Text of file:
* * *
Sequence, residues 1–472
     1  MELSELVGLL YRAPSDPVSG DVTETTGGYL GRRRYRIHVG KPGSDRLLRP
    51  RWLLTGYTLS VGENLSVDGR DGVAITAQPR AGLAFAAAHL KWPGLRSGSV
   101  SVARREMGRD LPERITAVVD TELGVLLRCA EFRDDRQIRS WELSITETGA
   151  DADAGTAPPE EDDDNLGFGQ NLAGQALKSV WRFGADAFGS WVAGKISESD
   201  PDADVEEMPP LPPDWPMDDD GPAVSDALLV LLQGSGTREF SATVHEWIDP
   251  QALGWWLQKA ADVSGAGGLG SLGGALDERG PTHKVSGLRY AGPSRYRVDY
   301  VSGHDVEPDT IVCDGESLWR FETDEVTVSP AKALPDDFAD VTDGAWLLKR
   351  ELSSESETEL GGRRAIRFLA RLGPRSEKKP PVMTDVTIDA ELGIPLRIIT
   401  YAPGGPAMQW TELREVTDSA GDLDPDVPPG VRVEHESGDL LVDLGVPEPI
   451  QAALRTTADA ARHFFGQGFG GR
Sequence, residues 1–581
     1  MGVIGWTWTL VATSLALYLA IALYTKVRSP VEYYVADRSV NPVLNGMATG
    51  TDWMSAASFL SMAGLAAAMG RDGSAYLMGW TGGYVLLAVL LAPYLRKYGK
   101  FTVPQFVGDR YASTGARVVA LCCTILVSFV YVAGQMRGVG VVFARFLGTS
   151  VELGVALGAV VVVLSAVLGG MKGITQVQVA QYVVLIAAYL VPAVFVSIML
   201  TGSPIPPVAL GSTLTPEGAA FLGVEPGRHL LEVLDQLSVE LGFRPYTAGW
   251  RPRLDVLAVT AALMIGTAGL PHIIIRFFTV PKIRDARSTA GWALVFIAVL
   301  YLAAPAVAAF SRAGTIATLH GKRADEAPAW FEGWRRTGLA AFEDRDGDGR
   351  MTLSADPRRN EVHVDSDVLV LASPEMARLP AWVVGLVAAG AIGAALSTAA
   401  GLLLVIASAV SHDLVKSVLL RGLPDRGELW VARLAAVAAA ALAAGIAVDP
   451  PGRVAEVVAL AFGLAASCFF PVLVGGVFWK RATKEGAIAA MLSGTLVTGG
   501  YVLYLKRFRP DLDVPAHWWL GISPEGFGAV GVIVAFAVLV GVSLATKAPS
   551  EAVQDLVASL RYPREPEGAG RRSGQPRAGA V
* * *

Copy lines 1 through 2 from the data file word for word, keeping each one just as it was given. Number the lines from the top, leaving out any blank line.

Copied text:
Sequence, residues 1–472
     1  MELSELVGLL YRAPSDPVSG DVTETTGGYL GRRRYRIHVG KPGSDRLLRP